Khan, Robert Omar 11 1900 (has links)
Ariake no Wakare was thought to be a lost tale, but its unique manuscript was rediscovered in the early 1950s. Thirteenth-century references and internal evidence suggest a date of composition in the 1190s by an author in Teika's circle, and attest to Ariake's prominence in the thirteenth-century prose fiction canon. Thematically, it is virtually a 'summa' of previous monogatari themes woven together with remarkable dexterity and often startling originality. The term giko monogatari, 'pseudo-classical tales,' widely used to describe such late Heian and Kamakura period tales, and the associated style term gikobun, turn out to be Meiji era coinages with originally much wider and less pejorative connotations - a change perhaps related to contemporary language debates that valorized vernacular writing styles. The use of respect language and narrative asides, and the interaction between the narration and the plot, evokes a narrator with a distinct point of view, and suggest she may be the lady-in-waiting Jiju, making the text more explicitly autobiographical, and perhaps accounting for aspects of the narrative structure. Statistical information about Ariake, and analysis of respect language and certain fields of the lexicon reveal that Ariake is linguistically much closer to the Genji than are the few other giko monogatari for which information is available, but there are also a few very marked differences. Similar analysis of other giko monogatari would clarify whether these differences are characteristic of the subgenre or peculiar to Ariake no Wakare. Ariake no Wakare critiques male behaviour in courtship and marriage, and explores female-to-male crossdressing; the male gaze (kaimami); incestuous sexual abuse; both male and female same-sex and same-gender love; spirit possession in a context of marriage, pregnancy, and rival female desires, and other instances of the conspicuously gendered supernatural; and the gendered significance of genealogy. The treatment of gender roles and sexuality focuses on the interaction of performance skill and innate ability or inclination, and presents the mysterious beauty of the ambiguously gendered and liminally human, while genealogy is celebrated as privileged female knowledge. The text simultaneously invites and resists modern modes of reading. Rather than merely imitative, Ariake's treatment of familiar elements with changed contexts and interpretations produces both nostalgia and novelty. / Arts, Faculty of / Asian Studies, Department of / Graduate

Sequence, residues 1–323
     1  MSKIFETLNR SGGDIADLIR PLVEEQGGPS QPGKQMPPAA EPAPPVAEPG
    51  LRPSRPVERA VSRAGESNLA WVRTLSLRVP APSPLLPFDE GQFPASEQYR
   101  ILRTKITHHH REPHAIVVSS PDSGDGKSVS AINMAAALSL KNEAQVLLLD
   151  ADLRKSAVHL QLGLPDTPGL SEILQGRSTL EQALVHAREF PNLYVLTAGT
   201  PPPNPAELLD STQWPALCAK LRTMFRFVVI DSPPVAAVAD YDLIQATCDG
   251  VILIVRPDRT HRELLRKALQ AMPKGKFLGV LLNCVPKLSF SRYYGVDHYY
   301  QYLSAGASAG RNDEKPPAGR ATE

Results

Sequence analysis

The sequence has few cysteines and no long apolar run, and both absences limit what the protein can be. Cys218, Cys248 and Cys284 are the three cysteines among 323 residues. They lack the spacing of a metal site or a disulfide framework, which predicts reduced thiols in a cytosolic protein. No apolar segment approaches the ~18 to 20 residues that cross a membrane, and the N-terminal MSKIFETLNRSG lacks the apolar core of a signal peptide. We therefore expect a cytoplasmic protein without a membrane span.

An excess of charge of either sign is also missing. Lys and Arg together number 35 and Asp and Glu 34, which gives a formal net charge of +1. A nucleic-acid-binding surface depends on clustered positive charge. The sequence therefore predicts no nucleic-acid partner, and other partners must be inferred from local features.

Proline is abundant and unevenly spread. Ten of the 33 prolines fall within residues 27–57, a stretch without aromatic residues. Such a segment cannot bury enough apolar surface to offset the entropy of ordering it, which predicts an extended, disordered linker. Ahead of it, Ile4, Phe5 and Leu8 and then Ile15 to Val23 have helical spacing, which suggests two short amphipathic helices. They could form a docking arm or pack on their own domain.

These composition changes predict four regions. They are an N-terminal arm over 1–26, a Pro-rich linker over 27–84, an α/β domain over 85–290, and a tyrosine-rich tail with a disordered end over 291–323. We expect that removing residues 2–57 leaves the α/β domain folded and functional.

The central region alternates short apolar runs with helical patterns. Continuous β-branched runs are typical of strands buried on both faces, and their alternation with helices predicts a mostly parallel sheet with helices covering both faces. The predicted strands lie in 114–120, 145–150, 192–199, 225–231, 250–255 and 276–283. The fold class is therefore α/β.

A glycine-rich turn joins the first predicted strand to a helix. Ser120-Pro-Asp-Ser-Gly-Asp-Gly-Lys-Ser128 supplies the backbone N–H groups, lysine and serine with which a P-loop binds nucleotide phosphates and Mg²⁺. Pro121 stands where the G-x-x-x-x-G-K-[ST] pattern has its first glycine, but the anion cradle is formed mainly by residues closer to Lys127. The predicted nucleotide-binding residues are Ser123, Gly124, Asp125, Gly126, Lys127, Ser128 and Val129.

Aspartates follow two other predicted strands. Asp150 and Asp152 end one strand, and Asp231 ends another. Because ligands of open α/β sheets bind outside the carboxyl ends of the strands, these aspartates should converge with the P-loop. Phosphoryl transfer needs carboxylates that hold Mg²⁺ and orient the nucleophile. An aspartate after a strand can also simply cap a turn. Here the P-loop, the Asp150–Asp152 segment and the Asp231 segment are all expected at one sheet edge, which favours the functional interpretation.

6

The ethnic trickster in Maxine Hong Kingston's Tripmaster monkey: his fake book

Fang, Hong, 方紅 January 2003 (has links)
published_or_final_version / English / Doctoral / Doctor of Philosophy
7

Reconfigurations of gender contemporary Chinese drama 1979-1989 : the politics of re-inscribing sexual differences /

Wang, Hui, January 2000 (has links)
Thesis (Ph. D.)--University of Hong Kong, 2001. / Includes bibliographical references (leaves 184-195).
8

Geschlechterprogramme Konzepte der literarischen Moderne um 1900 /

Helduser, Urte. January 2005 (has links)
Thesis (doctoral)--Universität Kassel, 2003. / Includes bibliographical references.
9

Gender and gender roles in Virginia Woolf /

Tsang, Ching-man, Irene. January 2004 (has links)
Thesis (M.A.)--University of Hong Kong, 2006.
10

Geschlechterprogramme Konzepte der literarischen Moderne um 1900 /

Helduser, Urte. January 2005 (has links)
Thesis (doctoral)--Universität Kassel, 2003. / Includes bibliographical references.